Exercise more, don't drink, don't smoke... in 1893 Dr Allinson tried to make Britain healthier and was struck off
Published Date: 03 January 2008
THE best way to stay healthy is to eat less, exercise more, don't follow faddy diets and cut out drink and tobacco, according to a 19th-century doctor who was struck off for his views.
This women's gymnastic class in 1905 would have met with the approval of Dr Allinson  always provided that the ladies were not wearing corsets  as he advocated three hours of walking or other exercise every day for good health
This women's gymnastic class in 1905 would have met with the approval of Dr Allinson always provided that the ladies were not wearing corsets as he advocated three hours of walking or other exercise every day for good health

Recently unearthed archives of Dr Thomas Allinson show there is nothing new about much of the modern multi-billion pound health industry.

Yet the GP's essays, first published in 1893, were so controversial that his own profession banned him from practising when the General Medical Council struck him off a year later.

Dr Allinson was appalled that at a time when Britain was considered the most powerful country on earth, life expectancy averaged a mere 43 years, and half of all children died before they were five.

He grew up in Manchester and studied in Edinburgh, but it was when he opened a GP's surgery in South London he began to notice the poor quality of life for many ordinary people.

In an age before computer games he was already encouraging parents to get their children to play outdoors more often and to take regular holidays by the coast to take in the fresh air.

He advocated three hours of walking or other exercise a day, told people not to work too hard, to cut down salt, eat more fruit and veg, avoid tea and coffee before bed and to be teetotal.

But his advice to give up smoking appalled society, as doctors then regularly recommended smoking a cigar or cigarette as a way to clear the lungs.

He was against many medical drugs of the day which included poisons such as arsenic, mercury and opiates, and, controversially for the time, he was vegetarian.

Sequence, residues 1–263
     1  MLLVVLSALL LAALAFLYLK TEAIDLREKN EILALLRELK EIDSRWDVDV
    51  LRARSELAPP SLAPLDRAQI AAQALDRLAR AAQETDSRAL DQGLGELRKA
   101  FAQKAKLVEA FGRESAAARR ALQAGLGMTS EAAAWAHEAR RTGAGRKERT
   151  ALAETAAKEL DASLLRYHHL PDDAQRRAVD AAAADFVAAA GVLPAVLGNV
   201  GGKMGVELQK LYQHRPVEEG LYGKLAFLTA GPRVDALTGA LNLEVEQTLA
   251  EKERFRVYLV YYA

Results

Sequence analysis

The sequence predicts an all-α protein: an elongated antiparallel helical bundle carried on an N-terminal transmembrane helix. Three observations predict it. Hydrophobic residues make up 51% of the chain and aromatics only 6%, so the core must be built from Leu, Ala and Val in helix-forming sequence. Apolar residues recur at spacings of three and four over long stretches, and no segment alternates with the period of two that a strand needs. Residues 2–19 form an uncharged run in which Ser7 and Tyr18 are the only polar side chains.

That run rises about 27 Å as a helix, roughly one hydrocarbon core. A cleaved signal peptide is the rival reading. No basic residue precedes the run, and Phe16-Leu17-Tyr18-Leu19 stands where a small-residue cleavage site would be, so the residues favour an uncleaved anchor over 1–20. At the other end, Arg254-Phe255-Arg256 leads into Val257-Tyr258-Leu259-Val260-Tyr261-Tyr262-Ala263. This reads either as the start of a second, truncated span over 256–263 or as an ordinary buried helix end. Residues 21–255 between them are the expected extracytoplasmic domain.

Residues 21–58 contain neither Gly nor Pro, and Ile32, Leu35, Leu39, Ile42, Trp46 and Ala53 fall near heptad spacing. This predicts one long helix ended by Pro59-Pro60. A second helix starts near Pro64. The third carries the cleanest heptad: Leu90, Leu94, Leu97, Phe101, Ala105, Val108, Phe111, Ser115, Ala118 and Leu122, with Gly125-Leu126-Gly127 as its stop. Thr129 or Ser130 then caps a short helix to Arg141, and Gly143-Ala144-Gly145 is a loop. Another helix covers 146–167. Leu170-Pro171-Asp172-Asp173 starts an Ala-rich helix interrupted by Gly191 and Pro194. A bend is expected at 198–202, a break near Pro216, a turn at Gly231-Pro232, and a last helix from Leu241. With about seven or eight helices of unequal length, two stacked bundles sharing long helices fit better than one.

Dr Allinson is probably best recognised today as the name of the bakery he founded which still bears his name, but in his day he was a controversial health guru.

Archivists working for the bakers have republished, free of charge, a pamphlet containing his original health guide, plus other essays on long walks and a number of healthy recipes.

He reckoned people in London were the most unhealthy because they travelled everywhere by public transport, worked too hard, ate and drank too much and breathed in polluted air.

In comparison, those from the provinces and especially "Scotchmen" were healthier "on account of the vitality they possess, due to oatmeal, pure air and hard exercise".

As for "young ladies", he suggested they should not wear corsets and should perhaps consider joining a local lawn tennis club or get their brother to join them "for a run on a tandem".

Advice is listed under headings including smoking, deafness, salt, pimples and blackheads, baldness, obesity, sleep, poverty and how to grow tall.

In a rant against tobacco he says: "Nicotine is a foul poison. It is a filthy habit, wastes money, brains and time, and as a result gives foul breath, black teeth and a damaged constitution."

Dr Allinson recommended three meals a day and no snacking, with the last meal at least three hours before retiring to bed, which he did around midnight. He also suggested a daily swim, two to three baths a week, but not to wash hair more than once every three weeks.



VICTORIAN doctors regularly prescribed meat and lots of it as a healthy diet a kind of Victorian Atkins diet with bacon, joints and stock in every meal.

The Vegetarian Society was founded in 1847, however, and grew in strength in the 19th century. Adherents quoted the Bible saying that man should not eat flesh, others argued eating less meat made you less ferocious.

Radicals like English doctor Emmet Desmore, argued fruits and nuts were the "natural food" of humans, from the days they lived in warm climates without tools or fire.


THE controversial, carbohydrate-free Atkins diet took a hit when television host Oprah Winfrey returned to eating bread.

A new US trend is the "5-factor" diet embraced by actress Halle Berry and others. It involves five meals a day, with five basic components, taking five minutes to prepare.

Raw-food diets rely on uncooked food, said to contain more enzymes to aid digestion. The bill of fare includes raw fruits, vegetables, nuts, seeds and eggs, while some adherents also eat raw meat or fish.